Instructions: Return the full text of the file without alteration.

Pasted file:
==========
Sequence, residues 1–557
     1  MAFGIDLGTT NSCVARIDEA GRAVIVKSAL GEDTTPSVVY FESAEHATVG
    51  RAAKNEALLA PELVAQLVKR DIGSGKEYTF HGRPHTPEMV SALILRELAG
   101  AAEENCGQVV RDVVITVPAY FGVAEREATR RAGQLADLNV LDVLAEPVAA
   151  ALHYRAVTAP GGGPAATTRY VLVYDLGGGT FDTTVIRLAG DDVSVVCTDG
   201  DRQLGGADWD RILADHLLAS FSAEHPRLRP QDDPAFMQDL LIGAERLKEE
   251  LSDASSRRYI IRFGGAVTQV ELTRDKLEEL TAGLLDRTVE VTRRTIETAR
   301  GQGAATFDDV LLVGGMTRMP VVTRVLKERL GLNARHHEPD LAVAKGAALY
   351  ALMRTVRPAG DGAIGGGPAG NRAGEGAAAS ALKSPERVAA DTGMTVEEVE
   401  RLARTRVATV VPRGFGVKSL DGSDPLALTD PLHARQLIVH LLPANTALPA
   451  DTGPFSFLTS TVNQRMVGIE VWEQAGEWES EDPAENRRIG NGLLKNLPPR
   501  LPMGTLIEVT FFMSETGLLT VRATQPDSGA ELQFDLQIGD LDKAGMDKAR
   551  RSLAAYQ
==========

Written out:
Sequence, residues 1–557
     1  MAFGIDLGTT NSCVARIDEA GRAVIVKSAL GEDTTPSVVY FESAEHATVG
    51  RAAKNEALLA PELVAQLVKR DIGSGKEYTF HGRPHTPEMV SALILRELAG
   101  AAEENCGQVV RDVVITVPAY FGVAEREATR RAGQLADLNV LDVLAEPVAA
   151  ALHYRAVTAP GGGPAATTRY VLVYDLGGGT FDTTVIRLAG DDVSVVCTDG
   201  DRQLGGADWD RILADHLLAS FSAEHPRLRP QDDPAFMQDL LIGAERLKEE
   251  LSDASSRRYI IRFGGAVTQV ELTRDKLEEL TAGLLDRTVE VTRRTIETAR
   301  GQGAATFDDV LLVGGMTRMP VVTRVLKERL GLNARHHEPD LAVAKGAALY
   351  ALMRTVRPAG DGAIGGGPAG NRAGEGAAAS ALKSPERVAA DTGMTVEEVE
   401  RLARTRVATV VPRGFGVKSL DGSDPLALTD PLHARQLIVH LLPANTALPA
   451  DTGPFSFLTS TVNQRMVGIE VWEQAGEWES EDPAENRRIG NGLLKNLPPR
   501  LPMGTLIEVT FFMSETGLLT VRATQPDSGA ELQFDLQIGD LDKAGMDKAR
   551  RSLAAYQ